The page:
Fat asshole Roger Ailes granted a surprise interview to TVNewer's Chris Ariens this week. Ailes, the president of Fox News, is generally reticent with the press, choosing to emerge only occasionally from his gay-proofed News Corp bunker and defend the ideological histrionics of the news team he has assiduously assembled over his 16 years at Fox when a controversy emerges. Here's what he told Ariens, by way of criticizing what he perceives to be a pro-Obama sentiment among his competitors: "The press is supposed to watch the powerful. And not throw in with them."

Roger Ailes is a grotesque, self-deluded sociopath, someone who relentlessly projects the weaknesses of his own black heart onto his enemies. Someone whose tribal instincts are so powerful that he is unable to view his own behavior through anything other than a binary lens of total war, and who unthinkingly ascribes noble motives to his own base tactical maneuvers while viewing the most innocuous actions of his perceived antagonists as steps in a nefarious conspiracy directed at him.

So: The press is supposed to watch the powerful. And not throw in with them. Ailes offered that critique after ruminating on President Barack Obama's speech at the 2009 White House Correspondents Dinner, in which he announced, "I am Barack Obama. Most of you covered me—all of you voted for me. Apologies to the Fox table." That was, as per the tradition of presidential appearances at the correspondents dinner, a joke. But it wouldn't have been funny if it didn't connect with a kernel of truth—much of the press corps was enamored of the Obama Story in 2008, and many of them were members of a professional, white, Volvo-driving, Ikea-shopping demographic that was perceived to have been vulnerable to his charms. So Obama made a funny.

This is how Roger Ailes experienced that joke, from the audience, according to Ariens:

When I saw the President say, ‘I know you all voted for me,' and a thousand people stood up and cheered and applauded and then when the applause died down, he said, ‘Oh probably except you guys at the Fox table.' I thought, ‘Am I the only guy in this room doing his job?' They set up Freedom of the Press. The press is supposed to watch the powerful. And not throw in with them. And when I watched a thousand people stand and cheer and applaud I thought, ‘Uh oh. Somebody better do this job.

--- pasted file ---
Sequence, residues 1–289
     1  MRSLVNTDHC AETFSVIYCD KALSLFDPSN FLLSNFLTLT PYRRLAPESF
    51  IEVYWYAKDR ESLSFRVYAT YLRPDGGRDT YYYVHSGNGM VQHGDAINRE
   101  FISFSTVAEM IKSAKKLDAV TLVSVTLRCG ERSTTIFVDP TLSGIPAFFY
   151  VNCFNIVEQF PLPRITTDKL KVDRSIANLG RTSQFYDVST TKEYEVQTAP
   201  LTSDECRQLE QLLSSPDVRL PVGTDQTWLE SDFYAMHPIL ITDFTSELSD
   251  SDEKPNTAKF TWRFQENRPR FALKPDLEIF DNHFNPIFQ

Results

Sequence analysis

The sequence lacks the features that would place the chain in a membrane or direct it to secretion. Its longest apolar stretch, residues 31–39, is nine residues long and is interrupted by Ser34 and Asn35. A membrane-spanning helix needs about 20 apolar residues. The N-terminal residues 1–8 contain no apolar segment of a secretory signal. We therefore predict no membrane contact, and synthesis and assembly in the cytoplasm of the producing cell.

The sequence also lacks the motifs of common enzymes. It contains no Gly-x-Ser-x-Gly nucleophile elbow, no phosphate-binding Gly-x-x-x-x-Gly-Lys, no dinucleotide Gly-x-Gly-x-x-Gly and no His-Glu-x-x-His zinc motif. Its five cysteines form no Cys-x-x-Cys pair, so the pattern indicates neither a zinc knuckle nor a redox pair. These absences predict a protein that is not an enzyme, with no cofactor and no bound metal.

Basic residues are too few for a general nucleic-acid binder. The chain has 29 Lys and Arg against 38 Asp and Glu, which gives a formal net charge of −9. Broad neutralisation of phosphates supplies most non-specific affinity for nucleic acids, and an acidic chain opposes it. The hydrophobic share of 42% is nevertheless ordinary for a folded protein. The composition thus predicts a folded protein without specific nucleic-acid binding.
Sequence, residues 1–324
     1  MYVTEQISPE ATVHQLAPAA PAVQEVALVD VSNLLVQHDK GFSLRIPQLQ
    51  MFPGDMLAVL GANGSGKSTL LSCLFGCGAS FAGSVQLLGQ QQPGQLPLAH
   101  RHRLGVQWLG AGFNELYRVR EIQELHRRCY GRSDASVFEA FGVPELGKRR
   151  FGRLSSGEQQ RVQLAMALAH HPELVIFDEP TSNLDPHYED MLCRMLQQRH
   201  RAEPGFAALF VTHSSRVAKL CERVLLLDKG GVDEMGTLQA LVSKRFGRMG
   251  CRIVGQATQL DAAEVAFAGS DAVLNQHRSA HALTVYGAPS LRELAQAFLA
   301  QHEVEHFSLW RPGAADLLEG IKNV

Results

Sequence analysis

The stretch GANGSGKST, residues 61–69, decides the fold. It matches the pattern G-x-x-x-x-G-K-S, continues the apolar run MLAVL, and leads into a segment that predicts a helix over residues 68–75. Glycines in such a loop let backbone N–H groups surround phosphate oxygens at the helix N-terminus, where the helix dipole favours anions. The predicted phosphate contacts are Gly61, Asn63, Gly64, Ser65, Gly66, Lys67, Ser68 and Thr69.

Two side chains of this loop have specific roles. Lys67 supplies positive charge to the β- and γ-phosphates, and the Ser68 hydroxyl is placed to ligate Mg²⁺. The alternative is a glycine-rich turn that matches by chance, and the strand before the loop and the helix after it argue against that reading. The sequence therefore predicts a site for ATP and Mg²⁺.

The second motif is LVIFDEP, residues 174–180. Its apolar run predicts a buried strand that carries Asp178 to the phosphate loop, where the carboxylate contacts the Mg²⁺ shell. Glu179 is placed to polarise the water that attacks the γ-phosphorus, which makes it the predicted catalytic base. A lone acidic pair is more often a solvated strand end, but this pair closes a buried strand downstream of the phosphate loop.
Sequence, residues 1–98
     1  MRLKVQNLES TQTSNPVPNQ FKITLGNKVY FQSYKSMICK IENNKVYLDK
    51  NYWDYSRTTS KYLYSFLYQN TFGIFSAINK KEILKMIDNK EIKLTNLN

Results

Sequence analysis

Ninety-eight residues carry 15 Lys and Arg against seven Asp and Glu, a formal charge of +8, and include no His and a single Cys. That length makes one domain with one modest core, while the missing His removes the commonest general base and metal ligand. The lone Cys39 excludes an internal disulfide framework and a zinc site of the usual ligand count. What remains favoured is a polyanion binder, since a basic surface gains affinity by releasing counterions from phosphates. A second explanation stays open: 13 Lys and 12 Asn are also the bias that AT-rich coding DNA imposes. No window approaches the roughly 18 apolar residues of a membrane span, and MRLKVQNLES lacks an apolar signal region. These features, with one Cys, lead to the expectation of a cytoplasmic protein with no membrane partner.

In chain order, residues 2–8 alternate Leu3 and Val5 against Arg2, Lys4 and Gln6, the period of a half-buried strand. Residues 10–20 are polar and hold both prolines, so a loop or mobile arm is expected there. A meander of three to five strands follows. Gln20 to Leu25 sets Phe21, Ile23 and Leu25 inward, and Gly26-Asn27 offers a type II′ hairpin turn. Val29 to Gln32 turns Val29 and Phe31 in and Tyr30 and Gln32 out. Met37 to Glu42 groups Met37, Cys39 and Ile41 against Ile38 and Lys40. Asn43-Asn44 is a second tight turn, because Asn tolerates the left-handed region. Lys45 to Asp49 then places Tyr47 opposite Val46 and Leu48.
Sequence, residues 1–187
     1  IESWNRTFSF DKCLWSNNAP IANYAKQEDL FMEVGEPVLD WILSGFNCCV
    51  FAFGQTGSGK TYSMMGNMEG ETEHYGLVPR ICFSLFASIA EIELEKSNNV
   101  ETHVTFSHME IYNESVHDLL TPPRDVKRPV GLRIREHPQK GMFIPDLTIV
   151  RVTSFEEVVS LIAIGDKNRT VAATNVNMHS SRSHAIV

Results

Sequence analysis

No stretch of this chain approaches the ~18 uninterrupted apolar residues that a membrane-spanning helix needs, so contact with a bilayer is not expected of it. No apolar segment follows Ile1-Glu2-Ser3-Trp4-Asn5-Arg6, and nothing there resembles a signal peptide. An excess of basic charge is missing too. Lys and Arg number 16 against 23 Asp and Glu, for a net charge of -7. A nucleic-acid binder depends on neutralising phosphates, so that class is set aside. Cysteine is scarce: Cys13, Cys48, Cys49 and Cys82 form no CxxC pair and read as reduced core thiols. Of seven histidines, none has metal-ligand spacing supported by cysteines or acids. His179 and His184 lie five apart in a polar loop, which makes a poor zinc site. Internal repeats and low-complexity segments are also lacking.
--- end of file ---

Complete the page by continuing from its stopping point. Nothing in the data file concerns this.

I'm sure you know by now, without having to watching the video above, that no one "stood up and cheered" at Obama's joke. They laughed in their seats and applauded, as they would at many points throughout the speech. And as they did five years before, when George W. Bush, at the same event the Radio and Television Correspondents Dinner, presented a video in which he searched the White House for the fictional weapons of mass destruction that he invaded Iraq to find.

But to Ailes, it was a revelation, concrete evidence that only he, out of this room of thousands, had the guts and the will and the grit to speak truth to power. Only he could forego the blandishments of influence and take the professional risk that comes with reporting inconvenient facts. Only he had the fortitude to exile himself from the tastemakers and power-brokers and report the truth, straight, unfiltered. The press is supposed to watch the powerful. And not throw in with them.

Here is how Roger Ailes watched the powerful during the Bush Administration.

That's a mash note he wrote to Secretary of State Condoleezza Rice in March 2005, offering her "help off the record" any time. I obtained it via the Freedom of Information Act.

Ailes wrote the note above to Attorney General John Ashcroft in November of 2001, commemorating a rare moment to "share a few laughs" in the heavy wake of 9/11. Also obtained via the Freedom of Information Act.

Below, you will find various invitations that Ailes extended over the years to Ashcroft for the annual Radio and Television Correspondents Dinner and other Washington, D.C., events. Not to mention one for the gala celebrating the 10th anniversary of Fox News Channel.

It should be noted, of course, that it is standard operating procedure in Washington for Fox News and other outlets to invite notable political figures to events such as these. Fox is not acting outside of the norm in this regard. Which is to say: Ailes is correct that his competitors often fall short of the standard of "watching the powerful." He simply fails to subject his own behavior to a similar analysis. Which would be the fair and balanced approach.

Finally: Here is a letter Ailes wrote to Ashcroft in 2005, after the attorney general had stepped down, to let him know what a "great job" he had done for the country.

[Image of Ailes via Getty]